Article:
It takes Isokazu Kubota 10 minutes to craft a bat for Pete Rose. Kubota, 43, has served as master batsmith for Mizuno for more than 10 years, and it was he who fashioned from northern white ash the bats that cracked hits Nos. 3,165 to 4,204. In the Mizuno factory in the tiny town of Yoro, 2½ hours southwest of Tokyo by bullet train, Kubota taps wood to the floor like a tuning fork, testing its resonance. "To make the bat that sets the new world record," says Kubota quietly, "I consider that an incredible honor." He has never met Rose, though he would like to discuss the bats they've made famous. But without dialogue, how did Kubota know what Rose wanted? "Actually, it wasn't hard," he responds. "I had him send me his bat. Then I listened to it."
While major leaguers have their clubs fill out order forms and pester factories, only a handful see the forest for the trees. The seeds of current pro models were sown in Ruthian times, when northern white ash trees (Fraxinus americana) took root from eastern Pennsylvania to the Adirondack region of New York. While maple is occasionally used for Little Leaguers, it does not have the tensile strength and the springiness for big-time play. (A manufacturer once tried bamboo, with disastrous results.) There is a proud strength to ash that not only earned the respect of players like Collins, Ruth and Williams, but also drove them to the bins and the mills in search of the best lumber.
When the ash trees reach about 16 inches in diameter—about 75 years old—they are felled. The toppling of a tree requires two cuts at the base: first a wedge in the direction that the tree will fall, then another on the opposing side, after which the cutter inserts a small metal piece into the second cut to keep the tree from going over backward. Once he delivers the final blow to the original cut and the tree falls, the logger slips a cable choker around the base of the log and with a tractor drags the wood to a clearing where it can be loaded on a truck.
The truck hauls the logs to the mill, where they're sliced to 40-inch lengths. The wood judged sufficiently smooth and straight-grained by the growth rings and the lack of "cat faces," or knots, is set aside to be split into quarters. Only five to 10 in 100 "splits" will pass the further inspection required for pro bat material. The chosen splits are then hewn into 40-inch-long cylinders, or billets, and dried—in the air for eight months or a kiln for five weeks or a large microwave for three days—until they retain just enough moisture to make them workable. They are graded again, and weighed. A file card tells the batmaker which weight billet he'll need to turn which bat.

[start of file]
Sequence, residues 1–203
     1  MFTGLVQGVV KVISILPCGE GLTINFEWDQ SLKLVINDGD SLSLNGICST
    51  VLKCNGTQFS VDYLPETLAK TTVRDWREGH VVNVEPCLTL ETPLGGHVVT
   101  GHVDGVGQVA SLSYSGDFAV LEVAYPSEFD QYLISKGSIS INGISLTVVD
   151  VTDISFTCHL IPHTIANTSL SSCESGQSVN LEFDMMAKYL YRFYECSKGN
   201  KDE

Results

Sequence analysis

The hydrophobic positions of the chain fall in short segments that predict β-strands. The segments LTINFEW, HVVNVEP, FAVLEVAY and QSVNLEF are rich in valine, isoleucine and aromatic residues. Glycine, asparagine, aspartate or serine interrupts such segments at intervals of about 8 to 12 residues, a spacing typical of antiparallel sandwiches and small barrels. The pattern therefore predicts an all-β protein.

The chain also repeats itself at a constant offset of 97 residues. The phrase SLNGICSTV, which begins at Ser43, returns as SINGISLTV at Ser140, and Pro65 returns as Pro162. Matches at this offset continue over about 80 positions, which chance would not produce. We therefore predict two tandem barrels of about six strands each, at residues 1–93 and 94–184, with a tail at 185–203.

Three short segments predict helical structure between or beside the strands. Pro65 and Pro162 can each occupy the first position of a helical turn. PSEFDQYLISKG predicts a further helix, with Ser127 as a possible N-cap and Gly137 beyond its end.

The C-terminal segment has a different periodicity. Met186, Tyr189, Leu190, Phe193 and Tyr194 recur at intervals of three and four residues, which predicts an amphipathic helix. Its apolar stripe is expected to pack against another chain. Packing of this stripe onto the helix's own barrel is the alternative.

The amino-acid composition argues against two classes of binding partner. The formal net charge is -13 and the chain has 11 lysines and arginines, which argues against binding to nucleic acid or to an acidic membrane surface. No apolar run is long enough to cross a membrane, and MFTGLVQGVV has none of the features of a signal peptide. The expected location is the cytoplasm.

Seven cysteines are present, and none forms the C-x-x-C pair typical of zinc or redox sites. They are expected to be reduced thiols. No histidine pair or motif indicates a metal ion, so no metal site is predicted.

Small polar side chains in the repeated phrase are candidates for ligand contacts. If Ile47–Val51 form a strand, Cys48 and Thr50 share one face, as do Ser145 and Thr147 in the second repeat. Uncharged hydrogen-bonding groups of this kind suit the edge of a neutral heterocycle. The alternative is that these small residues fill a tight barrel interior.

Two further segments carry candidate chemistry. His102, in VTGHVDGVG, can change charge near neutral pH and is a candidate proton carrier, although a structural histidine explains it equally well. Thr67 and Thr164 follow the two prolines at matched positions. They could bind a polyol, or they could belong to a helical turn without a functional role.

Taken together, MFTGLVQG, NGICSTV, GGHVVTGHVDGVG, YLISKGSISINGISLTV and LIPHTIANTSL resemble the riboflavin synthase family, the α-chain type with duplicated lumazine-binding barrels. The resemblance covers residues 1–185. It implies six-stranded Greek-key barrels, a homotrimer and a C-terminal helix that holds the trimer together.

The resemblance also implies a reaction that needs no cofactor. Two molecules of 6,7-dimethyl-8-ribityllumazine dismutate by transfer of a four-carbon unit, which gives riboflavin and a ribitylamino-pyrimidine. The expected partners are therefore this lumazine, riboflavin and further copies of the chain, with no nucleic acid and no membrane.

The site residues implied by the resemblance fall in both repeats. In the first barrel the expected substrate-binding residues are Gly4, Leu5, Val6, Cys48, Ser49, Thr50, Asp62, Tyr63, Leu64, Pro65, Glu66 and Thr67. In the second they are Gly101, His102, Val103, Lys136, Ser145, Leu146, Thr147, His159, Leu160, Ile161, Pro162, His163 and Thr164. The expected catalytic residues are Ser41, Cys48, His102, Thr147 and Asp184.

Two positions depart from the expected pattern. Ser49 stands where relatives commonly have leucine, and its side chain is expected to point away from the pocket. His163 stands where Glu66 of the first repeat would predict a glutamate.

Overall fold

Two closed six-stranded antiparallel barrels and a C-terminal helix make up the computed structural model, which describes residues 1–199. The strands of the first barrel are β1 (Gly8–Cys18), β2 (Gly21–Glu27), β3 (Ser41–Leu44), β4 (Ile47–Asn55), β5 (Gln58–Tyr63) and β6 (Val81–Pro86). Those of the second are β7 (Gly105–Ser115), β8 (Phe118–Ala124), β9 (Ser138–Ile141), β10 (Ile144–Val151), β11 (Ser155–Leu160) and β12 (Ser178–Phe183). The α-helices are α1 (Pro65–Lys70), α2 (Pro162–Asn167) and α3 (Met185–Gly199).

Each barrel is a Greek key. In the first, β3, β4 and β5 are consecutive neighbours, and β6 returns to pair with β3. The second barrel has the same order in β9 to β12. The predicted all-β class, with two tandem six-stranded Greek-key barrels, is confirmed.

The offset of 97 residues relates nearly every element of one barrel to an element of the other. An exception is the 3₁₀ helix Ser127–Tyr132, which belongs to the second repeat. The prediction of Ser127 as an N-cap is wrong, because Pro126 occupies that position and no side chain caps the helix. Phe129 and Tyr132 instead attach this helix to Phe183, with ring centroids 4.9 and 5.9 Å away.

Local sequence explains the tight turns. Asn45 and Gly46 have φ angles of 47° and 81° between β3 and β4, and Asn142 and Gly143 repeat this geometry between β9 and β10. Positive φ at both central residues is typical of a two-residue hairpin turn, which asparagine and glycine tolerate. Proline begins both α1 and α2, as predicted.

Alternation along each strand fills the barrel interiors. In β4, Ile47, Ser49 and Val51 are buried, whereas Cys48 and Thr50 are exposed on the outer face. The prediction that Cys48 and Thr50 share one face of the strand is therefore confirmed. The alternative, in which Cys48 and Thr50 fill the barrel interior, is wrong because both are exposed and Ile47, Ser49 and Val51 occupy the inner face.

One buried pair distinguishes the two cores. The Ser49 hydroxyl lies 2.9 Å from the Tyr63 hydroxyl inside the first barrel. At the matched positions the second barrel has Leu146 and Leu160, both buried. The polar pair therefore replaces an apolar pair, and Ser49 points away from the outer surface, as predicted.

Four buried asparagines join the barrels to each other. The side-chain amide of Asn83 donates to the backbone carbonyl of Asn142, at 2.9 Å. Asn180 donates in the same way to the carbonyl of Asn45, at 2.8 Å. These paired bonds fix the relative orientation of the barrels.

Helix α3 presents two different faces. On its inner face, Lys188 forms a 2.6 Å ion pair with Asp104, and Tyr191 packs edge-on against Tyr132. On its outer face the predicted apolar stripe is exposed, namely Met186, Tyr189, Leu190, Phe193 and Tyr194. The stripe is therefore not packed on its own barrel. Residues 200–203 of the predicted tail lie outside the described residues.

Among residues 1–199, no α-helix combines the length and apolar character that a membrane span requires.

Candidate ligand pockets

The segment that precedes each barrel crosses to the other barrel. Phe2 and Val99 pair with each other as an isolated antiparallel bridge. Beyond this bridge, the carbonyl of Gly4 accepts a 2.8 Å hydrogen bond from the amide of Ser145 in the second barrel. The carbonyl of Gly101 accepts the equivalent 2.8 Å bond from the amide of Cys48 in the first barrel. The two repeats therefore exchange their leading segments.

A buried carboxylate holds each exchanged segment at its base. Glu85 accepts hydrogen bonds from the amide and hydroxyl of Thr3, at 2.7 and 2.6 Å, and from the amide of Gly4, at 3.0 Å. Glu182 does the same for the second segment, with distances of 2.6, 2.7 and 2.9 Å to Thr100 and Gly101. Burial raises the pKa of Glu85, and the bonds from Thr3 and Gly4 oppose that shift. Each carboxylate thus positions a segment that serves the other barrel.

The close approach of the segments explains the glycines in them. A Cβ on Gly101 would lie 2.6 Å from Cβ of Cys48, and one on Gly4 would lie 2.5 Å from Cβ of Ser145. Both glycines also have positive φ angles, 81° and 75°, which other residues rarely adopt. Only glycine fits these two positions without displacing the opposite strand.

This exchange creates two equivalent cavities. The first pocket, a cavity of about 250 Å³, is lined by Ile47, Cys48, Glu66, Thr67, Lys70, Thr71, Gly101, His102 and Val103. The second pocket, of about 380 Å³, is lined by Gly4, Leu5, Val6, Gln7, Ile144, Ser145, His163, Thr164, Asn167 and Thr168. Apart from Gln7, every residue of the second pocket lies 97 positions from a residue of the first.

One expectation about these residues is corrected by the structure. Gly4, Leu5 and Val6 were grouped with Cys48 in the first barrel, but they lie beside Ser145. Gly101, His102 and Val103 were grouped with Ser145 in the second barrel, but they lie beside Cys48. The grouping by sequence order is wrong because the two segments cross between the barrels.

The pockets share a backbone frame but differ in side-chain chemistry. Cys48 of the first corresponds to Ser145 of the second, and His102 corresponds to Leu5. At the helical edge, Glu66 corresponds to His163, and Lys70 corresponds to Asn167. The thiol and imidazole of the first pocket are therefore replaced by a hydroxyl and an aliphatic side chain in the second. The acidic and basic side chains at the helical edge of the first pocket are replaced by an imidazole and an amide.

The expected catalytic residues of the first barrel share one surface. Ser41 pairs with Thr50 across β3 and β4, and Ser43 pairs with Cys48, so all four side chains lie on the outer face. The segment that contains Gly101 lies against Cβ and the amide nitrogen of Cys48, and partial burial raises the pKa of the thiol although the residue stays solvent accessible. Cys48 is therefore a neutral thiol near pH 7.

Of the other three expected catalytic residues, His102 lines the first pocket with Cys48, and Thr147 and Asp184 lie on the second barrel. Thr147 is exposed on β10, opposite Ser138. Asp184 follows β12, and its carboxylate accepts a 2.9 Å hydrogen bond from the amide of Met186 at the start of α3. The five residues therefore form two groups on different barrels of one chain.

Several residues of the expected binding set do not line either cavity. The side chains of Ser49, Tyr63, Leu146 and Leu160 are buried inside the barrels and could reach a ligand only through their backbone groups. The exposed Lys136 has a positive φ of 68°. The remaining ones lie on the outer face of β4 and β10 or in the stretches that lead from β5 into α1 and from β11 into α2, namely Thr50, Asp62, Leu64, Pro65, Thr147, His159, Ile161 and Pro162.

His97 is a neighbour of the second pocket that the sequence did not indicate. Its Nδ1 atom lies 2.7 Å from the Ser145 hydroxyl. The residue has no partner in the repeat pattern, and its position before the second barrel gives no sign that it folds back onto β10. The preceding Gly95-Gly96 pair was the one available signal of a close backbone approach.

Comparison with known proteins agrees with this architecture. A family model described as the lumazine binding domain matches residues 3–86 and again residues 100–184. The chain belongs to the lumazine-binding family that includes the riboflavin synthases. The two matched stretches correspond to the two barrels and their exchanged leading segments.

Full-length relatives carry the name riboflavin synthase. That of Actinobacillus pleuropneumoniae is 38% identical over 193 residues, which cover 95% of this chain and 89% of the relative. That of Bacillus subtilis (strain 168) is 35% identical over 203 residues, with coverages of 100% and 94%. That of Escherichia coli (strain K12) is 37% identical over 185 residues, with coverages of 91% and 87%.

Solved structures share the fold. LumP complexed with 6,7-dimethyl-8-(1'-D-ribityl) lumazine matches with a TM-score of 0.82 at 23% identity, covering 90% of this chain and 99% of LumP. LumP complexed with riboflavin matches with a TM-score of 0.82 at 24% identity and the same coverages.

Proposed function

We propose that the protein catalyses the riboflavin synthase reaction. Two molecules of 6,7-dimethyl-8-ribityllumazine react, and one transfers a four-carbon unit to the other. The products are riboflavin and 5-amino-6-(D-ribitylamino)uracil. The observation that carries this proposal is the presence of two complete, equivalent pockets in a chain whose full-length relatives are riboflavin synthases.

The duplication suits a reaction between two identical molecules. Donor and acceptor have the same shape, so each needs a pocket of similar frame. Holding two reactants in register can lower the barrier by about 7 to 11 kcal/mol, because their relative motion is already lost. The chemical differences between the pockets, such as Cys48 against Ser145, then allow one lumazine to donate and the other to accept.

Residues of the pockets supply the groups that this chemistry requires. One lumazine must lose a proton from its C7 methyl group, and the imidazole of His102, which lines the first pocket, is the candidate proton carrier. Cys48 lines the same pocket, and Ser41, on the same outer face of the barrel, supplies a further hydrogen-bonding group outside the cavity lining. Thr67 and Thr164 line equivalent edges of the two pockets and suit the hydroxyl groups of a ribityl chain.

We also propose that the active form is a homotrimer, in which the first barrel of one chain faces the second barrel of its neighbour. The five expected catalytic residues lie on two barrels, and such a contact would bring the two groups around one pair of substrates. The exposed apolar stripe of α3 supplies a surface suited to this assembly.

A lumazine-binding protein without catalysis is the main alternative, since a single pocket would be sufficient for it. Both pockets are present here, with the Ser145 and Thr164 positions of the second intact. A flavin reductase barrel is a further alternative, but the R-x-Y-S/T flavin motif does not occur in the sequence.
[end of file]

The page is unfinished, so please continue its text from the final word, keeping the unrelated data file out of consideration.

Then, after setting a model of the desired bat above his lathe, the batsmith turns the new timber down to match the model. With a caliper, he verifies his eyeball measurements—a good batsmith is accurate to a fraction of a millimeter—along 13 checkpoints. These are the same tools the trade has used for five score and two years, or since John A. (Bud) Hillerich first fashioned a new lance for Pete (Old Gladiator) Browning of the Louisville Eclipse.
(Note: When Browning smacked three hits the next day and word of his good wood spread, the Louisville Slugger was born. By 1960, H & B had sold 100 million Sluggers. While not on the order of Arthur and Excalibur, the story of the birth of the modern bat has become almost as mythic in the grain of American baseball as the instrument itself.)
As it has done since about 1945, H & B labels each bat with the initial of the player's last name and a number indicating how many other bats with that initial have been created. Hank Aaron's A99, with which he broke Ruth's alltime home run record, was similar in style and design to the Babe's R43, though it weighed 10 ounces less than the Bambino's 44-ounce cudgel. The most popular designs today are the K55 of Chuck Klein and Eddie Malone's M110. Brett has won a pair of batting titles with a T85 bat. The T85 was designed for Marv Throneberry, a .237 hitter.
Finally, the player's name is scorched on his bats, either with his autograph (if the company has signed him to a contract) or in block letters. Players can switch batsmiths in midcareer; all they sign away in endorsement contracts is their signatures. Back when Reggie Jackson was named MVP of the '77 World Series, H & B, which had signed him to a contract, and Adirondack, whose bats he was then using, staged a congratulatory ad war in The Sporting News. (Jackson has been known to paint the black Adirondack ring on his H & B bats.)